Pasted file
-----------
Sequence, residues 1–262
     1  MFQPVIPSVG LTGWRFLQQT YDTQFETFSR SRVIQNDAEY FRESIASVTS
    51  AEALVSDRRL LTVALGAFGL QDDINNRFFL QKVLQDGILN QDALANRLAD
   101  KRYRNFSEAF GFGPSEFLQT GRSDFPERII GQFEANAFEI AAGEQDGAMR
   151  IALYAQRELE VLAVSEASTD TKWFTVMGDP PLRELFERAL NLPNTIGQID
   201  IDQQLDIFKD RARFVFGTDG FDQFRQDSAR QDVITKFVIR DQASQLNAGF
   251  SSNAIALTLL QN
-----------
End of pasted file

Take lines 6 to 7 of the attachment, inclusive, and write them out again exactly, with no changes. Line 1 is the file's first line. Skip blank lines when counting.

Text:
   201  IDQQLDIFKD RARFVFGTDG FDQFRQDSAR QDVITKFVIR DQASQLNAGF
   251  SSNAIALTLL QN